The way of consuming music has drastically changed in recent years. I wrote about it in my article about the importance of critical listening for musicians. Streaming services are clearly the future of music listening even though many people hesitate to admit it. A physical CD or LP will serve mostly as a collector’s item or as a reminder of a great concert. Myths about the stream (often used as arguments by people who refuse it) were nicely debunked in this episode of the DIY Musician podcast.
Personally, I’m no longer happy with CDs (they are bulky, they get lost and damaged easily) neither with mp3s (they occupy storage capacity and attract piracy) nor YouTube (I watch more than I listen and it doesn’t work offline). Streaming services like Spotify, Apple Music, Deezer, Google Play, etc. seem a like a small miracle to me. I use Spotify and can recommend it. Not only I and my family can choose from more than 35 million songs to listen for just 9€/month, Spotify algorithm recommends me good music I would never discover and the app can play local files from my computer so I can have all my music in one place. And there are Spotify playlists. That’s why I write this article.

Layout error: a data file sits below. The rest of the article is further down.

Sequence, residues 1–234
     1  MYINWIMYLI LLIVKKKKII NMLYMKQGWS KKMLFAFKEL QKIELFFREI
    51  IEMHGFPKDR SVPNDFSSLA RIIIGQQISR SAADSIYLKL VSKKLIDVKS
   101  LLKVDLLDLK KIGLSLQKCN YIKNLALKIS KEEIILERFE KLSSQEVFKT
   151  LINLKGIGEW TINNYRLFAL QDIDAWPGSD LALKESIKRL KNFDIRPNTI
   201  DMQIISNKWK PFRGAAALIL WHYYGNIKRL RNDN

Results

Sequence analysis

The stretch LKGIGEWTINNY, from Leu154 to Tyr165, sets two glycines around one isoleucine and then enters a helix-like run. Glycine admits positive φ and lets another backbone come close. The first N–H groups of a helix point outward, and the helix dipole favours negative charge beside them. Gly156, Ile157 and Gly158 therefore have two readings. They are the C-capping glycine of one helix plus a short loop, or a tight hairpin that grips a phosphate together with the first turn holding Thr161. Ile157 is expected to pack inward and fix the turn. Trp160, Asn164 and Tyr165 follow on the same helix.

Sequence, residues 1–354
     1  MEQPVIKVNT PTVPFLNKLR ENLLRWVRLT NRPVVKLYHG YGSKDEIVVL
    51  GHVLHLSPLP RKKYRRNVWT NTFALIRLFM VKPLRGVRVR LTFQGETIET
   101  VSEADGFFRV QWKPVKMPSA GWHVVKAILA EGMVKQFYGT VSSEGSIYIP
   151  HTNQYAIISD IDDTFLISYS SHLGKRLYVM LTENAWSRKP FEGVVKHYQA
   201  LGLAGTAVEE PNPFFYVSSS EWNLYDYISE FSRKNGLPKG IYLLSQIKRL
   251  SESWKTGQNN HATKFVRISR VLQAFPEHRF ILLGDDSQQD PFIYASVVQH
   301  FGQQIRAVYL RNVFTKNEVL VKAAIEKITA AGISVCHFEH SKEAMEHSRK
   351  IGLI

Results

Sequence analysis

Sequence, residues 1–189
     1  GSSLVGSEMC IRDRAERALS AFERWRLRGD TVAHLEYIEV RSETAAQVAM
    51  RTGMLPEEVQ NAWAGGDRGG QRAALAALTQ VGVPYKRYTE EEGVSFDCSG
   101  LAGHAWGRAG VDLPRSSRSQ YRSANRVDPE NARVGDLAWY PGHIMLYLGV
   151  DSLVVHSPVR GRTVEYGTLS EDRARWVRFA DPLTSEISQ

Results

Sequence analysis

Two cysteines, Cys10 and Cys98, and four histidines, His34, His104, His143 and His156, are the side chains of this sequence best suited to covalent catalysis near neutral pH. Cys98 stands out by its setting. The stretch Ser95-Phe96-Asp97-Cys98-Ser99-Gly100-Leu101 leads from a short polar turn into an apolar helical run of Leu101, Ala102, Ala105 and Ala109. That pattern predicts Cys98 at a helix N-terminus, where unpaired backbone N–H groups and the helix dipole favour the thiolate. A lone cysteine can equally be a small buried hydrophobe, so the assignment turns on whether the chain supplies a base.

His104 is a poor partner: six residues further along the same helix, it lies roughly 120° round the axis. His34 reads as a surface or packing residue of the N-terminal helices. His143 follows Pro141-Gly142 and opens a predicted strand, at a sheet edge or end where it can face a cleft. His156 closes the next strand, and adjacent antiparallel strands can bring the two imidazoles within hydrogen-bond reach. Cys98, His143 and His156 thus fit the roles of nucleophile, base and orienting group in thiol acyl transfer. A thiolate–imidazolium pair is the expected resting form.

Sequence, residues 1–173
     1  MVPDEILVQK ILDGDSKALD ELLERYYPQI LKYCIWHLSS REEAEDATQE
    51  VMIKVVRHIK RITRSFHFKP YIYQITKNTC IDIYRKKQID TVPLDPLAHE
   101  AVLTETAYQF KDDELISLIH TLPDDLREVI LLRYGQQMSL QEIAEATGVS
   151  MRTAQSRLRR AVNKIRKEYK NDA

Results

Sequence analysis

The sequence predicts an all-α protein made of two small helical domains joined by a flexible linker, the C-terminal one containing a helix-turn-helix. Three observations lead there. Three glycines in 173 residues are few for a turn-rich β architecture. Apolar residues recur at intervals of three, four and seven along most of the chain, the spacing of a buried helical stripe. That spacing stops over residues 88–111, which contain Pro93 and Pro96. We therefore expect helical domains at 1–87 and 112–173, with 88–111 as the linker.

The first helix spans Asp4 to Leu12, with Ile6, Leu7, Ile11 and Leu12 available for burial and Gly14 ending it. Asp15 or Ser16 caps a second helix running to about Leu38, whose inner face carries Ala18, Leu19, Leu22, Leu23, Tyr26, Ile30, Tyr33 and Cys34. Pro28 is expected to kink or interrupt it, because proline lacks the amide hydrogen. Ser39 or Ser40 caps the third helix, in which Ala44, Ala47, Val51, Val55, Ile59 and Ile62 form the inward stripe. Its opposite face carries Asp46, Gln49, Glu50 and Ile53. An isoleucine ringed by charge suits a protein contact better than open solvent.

The playlists I created for you
Many Spotify users don’t search for music actively but rather listen to what someone else recommends to them. It can be the algorithm (playlists like Your Daily Mix, Release Radar, Discover Weekly), a playlist curator working for Spotify, or just another user like you or me. I created 2 playlists for you on Spotify.
- ATAmusic: Bluegrass History is a playlist created according to the list of recommended bluegrass recordings that was put together by Henrich Novák with a little help of Petr Brandejs, Ralph Schut and myself.
- ATAmusic: Bluegrass Explorer is a playlist that includes both new and older music that doesn’t necessarily fit in the narrow box of bluegrass genre but is somehow related to it and can be labeled as New acoustic, Americana, Newgrass, Country, Folk, etc. This is the music that I’m interested in most as a listener and musician. I will update the playlist regularly.
To have a quick overview of the bluegrass genre from its beginning to its contemporary forms, check out the ATAmusic: Bluegrass History playlist. If you’re interested in learning about the new ways the (bluegrass-somehow-related) acoustic music has followed recently, follow the ATAmusic: Bluegrass Explorer playlist. If you don’t have a Spotify account yet, simply create one here. Then search for ATAmusic playlists or just click the links above.
Discover and be discovered
One final tip for active musicians. To have your music available for streaming services, you need to use a music aggregator/distributor service. There are several out there and they offer different services for different fees. Check out this useful comparison of digital music distributors. Some of them don’t even charge anything if you want to distribute your own music.
Whether you listen to or create music, share it! It has never been easier.